A battle of the peripheral software; is one really better than the other? When we review a product, we look at the software as well as the hardware. Sure, most peripherals have good functionality without having to install anything, but if you want to unlock their full potential, installing the software suite is advised. In this head-to-head, we’re going to look at the two software suites we seem to get on with the best: Corsair iCUE and SteelSeries Engine 3. This isn’t to say that software from other brands is not up to scratch (Razer’s Synapse is another standout), but these two are our current favorites.
Corsair iCUE comes in at a hefty 741 MB for its latest version. Corsair has all the usual macro controls for keyboards, mice, and headsets, and with the acquisition of Elgato, you can actually integrate the Stream Deck with it, too, so you can create some crazy lighting scenes at the touch of a button. If you want to control your Philips Hue products with iCUE alongside this, no problem. With Corsair having far more hardware than SteelSeries, there is a lot more to control. Corsair manufactures power supplies, RAM, coolers, cases, custom loop products, and more, and the majority of it has some type of control via iCUE, even if sometimes it is just lighting.
The software can also perform realtime monitoring of hardware. This enables you to get statistics for temperatures, CPU load, RAM monitoring, and other metrics. We’re not talking about just Corsair products either. We were pleasantly surprised when we opened iCUE on one of our test systems and our Nvidia RTX 3080 FE popped up on the home page. From here, we were able to control the two lighting zones, check the temperature, and set up temperature alerts.
Our Asus motherboard also showed up, although it was only the lighting that could be changed. Having everything in one place is certainly a far better solution than needing to install numerous RGB lighting software suites, which often conflict with one another. Some motherboard brands have terrible RGB control, and if there is one thing Corsair can do well, it’s making your computer look as though it’s devoured a unicorn. All the lighting can be linked, as well, so you can change the colors of everything in your setup, including your Hue lights, at the click of a button.
You can set multiple profiles with iCUE, which is particularly handy if you want to have a keyboard layout for work but would like something different when you’re gaming or writing, and it’s easily done. The same goes for different fan profiles if you’re using the Corsair fan systems.
Compared with iCUE, SteelSeries Engine is tiny at only 163MB, but it also offers far a fewer features as a whole. SteelSeries S Engine is very powerful when it comes to £ controlling the company’s peripherals, offering some features that surpass those of its competitors. For example, on smaller keyboards, the way SteelSeries deals with multiple function options is far more intuitive and easier to use overall. The SteelSeries Engine also feels more tailored toward being able to show information on the OLED screens that are incorporated into some of SteelSeries’s products. Some of the apps available for the screen are great, especially the ones made by users. One of our favorites is the Spotify app, which enables us to see at a glance what song is playing on our mini keyboard screen.
SteelSeries Engine can also be seamlessly integrated into games and other applications with the public SDK. For instance, if you’re tagged in a post on Discord, you can have your keyboard or mouse flash a different color. If you are muted, you can make your headset red, and so on. At the moment, there are limited apps and games that take advantage of this directly from the software itself, but user generated apps continue this further.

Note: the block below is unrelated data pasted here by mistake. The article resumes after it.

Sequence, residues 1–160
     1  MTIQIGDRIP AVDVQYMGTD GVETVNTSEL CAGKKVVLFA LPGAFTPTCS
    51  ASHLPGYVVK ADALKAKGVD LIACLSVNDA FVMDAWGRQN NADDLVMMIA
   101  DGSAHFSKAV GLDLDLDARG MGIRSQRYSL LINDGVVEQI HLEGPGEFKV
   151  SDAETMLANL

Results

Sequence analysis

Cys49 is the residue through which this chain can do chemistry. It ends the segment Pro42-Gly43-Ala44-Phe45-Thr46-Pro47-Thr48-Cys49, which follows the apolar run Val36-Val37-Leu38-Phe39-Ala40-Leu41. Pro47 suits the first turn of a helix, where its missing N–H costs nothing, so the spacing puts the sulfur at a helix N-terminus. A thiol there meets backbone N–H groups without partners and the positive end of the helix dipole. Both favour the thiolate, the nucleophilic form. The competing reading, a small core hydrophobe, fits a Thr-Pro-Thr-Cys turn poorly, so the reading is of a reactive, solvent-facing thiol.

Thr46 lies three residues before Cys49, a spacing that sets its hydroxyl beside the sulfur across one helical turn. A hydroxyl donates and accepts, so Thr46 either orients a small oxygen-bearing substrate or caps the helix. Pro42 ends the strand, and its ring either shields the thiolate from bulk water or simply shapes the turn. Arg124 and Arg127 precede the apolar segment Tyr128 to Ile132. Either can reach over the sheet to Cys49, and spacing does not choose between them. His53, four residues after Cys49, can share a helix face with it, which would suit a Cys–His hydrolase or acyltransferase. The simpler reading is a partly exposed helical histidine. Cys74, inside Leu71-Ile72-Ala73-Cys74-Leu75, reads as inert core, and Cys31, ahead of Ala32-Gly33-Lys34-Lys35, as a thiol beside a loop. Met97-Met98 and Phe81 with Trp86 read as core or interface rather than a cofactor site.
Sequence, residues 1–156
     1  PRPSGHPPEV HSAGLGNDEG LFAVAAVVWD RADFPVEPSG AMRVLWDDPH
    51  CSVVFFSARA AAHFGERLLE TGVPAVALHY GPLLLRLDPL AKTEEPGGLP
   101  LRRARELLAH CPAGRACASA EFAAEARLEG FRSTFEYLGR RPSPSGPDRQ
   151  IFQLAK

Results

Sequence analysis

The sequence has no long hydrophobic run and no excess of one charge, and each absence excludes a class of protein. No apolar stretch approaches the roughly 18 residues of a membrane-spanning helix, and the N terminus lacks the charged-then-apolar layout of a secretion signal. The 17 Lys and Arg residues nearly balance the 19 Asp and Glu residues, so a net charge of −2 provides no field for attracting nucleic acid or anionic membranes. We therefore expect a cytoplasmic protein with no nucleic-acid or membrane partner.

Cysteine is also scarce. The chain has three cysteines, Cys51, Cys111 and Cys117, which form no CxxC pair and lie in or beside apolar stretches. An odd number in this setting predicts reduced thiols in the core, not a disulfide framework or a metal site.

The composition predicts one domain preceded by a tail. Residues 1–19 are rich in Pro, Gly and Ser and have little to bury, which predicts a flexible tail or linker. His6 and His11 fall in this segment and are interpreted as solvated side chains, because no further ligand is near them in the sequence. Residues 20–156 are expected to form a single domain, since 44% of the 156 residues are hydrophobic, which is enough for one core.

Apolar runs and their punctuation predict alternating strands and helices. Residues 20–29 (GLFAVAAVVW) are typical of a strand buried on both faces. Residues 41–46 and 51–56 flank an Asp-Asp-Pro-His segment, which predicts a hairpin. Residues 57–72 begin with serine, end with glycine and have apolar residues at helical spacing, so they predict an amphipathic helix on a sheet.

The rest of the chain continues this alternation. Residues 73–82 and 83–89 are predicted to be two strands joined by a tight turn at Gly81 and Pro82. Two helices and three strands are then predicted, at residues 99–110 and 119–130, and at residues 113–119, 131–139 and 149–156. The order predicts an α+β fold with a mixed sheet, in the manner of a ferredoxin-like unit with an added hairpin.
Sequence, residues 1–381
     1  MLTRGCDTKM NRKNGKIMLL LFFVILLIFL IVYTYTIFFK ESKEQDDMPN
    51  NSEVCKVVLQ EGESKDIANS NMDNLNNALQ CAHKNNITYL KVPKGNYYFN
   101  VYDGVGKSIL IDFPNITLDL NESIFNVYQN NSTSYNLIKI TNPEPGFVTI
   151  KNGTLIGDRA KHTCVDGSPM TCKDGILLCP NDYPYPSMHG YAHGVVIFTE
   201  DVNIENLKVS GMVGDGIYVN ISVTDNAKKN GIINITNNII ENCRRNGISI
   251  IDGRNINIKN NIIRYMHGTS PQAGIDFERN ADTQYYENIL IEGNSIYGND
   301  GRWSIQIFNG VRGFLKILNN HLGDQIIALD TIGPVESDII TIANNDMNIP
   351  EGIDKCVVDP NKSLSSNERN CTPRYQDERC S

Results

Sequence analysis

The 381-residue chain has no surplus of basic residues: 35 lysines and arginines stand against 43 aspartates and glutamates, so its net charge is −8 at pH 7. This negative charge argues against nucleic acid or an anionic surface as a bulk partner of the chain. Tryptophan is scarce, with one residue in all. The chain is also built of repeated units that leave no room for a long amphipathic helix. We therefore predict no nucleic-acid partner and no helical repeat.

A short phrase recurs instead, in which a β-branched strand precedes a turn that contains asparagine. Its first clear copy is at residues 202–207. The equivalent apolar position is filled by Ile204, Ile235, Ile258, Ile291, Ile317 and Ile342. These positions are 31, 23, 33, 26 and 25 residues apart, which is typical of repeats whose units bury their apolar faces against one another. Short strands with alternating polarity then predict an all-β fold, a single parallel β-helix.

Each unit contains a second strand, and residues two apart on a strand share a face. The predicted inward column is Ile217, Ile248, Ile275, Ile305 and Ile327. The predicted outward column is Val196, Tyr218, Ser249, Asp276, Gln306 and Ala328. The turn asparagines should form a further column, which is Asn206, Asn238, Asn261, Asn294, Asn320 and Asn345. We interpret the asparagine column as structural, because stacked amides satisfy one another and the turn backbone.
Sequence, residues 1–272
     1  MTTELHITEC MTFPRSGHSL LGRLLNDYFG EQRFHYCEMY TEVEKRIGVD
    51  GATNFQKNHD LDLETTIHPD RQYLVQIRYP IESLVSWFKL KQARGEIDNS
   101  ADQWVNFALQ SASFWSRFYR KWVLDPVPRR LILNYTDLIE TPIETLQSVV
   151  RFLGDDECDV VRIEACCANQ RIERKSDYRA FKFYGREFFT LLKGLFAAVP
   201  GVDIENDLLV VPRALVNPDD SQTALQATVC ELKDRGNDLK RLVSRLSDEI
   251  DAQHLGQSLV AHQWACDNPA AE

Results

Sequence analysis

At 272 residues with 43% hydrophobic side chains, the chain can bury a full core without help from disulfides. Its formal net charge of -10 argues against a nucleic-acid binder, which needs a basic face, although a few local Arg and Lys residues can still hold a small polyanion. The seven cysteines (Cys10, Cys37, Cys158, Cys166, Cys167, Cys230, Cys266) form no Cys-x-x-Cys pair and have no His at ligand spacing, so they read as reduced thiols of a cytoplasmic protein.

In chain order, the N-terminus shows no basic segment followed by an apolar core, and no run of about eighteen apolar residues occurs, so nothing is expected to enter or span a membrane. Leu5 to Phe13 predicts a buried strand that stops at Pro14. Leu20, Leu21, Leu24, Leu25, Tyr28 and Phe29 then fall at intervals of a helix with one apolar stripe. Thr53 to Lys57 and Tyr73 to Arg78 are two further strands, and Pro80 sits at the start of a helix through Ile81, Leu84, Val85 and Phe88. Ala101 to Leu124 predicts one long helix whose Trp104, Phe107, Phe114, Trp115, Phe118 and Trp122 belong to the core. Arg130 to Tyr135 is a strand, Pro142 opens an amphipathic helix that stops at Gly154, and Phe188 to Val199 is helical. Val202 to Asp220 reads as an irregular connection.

In the future, SteelSeries is going to incorporate a feature similar to Nvidia Shadow play, called Moments. This is currently in beta, but the general idea is that when something happens in game, you can press a hotkey, and SteelSeries will take and save a clip of what happened. You can § then edit the clip within SteelSeries Engine and share it via multiple platforms. Pretty impressive stuff for gamers, but it has limited usefulness outside of the gaming environment—a common theme with SteelSeries Engine that isn’t mirrored in iCUE.
We’re not sure if it’s because there are far fewer features and items to control via SteelSeries Engine that it feels a little more user-friendly overall, but it generally has a more instinctive feel to it, especially when you’re trying to show someone how to use it. That’s not to say Corsair’s software is particularly confusing, it just takes a little more time to learn how to use its full power.
The main takeaway from this head-to- head is that, like many other things in the peripheral sector, choice of software is very much personal preference. Having said that, there are some noticeable differences. If you’re just looking for powerful software that’s centered around gaming, while still wanting the ability to incorporate OLED screens and apps, SteelSeries Engine is the way forward. If you’re looking for a more comprehensive software suite that can not only control your whole Corsair ecosystem, but also monitor other hardware, control lighting, and more, Corsair would be the way to go.
One thing to note is that these two products are there to try to lock you into the brand, and this is the same with all current software suites. If you want to link your lighting across your keyboard, mouse, headset, and so on, you must buy products bearing the same logo. We would love for this to change in the future, and Corsair is currently taking some steps in the right direction, but the cynic in us can understand why it isn’t a pressing matter for companies, where profit is king. For those who do want different brand peripherals, we suggest just installing the software you really need.